Image above: Site of the Taylor oil spill in the Gulf of Mexico taken April 25, 2018. © 2018, Planet Labs PBC. All Rights Reserved.
Oil spills around the world have caused some of the worst environmental damage to marine environments, and these coastal ecosystems are hard to monitor due to their off-shore locations. Scientists have leveraged satellites to view these spills from space, however, the data is frequently limited by spatial or temporal resolution, making it hard to assess ecosystem damage overtime. Planet’s Dove satellites, on the other hand, offer the unique ability for researchers to see changes in these spill sites on a near daily basis and at 3 meter resolution. This PlanetScope data offers ways to complement other monitoring resources and fill in data gaps. Researchers from the Environmental Protection Agency accessed the Dove’s PlanetScope near daily data from the NASA Commercial Smallsat Data Acquisition program. With these datasets, they demonstrated the potential of the data to investigate oil spills by leveraging sun glint caused by the nadir viewing angle to maximize their view of the oil in the water. In their assessment, certain locations and times of year were identified as ideal for such research efforts, including the summer solstice and lower latitudes which offered high glint opportunities. “When combined with other high-resolution active and passive satellites, PlanetScope coverage added an average of 86.3 days each year from January 2018 through December 2020,” stated the authors, sharing how Planet’s images could further support oil spill monitoring surrounding the United States.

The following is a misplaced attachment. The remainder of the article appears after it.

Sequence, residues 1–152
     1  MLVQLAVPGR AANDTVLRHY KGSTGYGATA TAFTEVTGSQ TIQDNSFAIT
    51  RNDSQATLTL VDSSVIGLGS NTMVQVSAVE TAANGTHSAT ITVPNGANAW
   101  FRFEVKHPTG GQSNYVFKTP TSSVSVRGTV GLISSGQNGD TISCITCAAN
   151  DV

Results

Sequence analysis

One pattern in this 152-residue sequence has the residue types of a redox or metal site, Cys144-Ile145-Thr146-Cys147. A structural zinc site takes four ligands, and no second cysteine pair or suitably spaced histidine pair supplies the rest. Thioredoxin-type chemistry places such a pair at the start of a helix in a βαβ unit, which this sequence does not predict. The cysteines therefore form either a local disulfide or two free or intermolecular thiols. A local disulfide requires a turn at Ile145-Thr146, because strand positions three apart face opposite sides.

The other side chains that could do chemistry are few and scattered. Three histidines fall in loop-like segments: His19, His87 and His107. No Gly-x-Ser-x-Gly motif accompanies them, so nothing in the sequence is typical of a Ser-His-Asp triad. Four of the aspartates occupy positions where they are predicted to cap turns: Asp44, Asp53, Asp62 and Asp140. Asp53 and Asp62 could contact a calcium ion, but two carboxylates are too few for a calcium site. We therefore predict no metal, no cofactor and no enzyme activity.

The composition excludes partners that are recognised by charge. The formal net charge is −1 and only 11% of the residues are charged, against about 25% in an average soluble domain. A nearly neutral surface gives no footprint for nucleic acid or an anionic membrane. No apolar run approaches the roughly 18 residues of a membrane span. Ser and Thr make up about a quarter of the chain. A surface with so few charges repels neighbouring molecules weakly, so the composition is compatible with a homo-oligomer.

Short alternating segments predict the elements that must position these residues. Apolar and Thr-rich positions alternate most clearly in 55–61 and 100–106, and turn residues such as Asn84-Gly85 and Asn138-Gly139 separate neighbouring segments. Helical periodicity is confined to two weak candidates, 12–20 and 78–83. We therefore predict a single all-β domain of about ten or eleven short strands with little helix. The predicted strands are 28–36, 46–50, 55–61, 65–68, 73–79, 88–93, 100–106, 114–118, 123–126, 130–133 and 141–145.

The full study can be found in Marine Pollution Bulletin.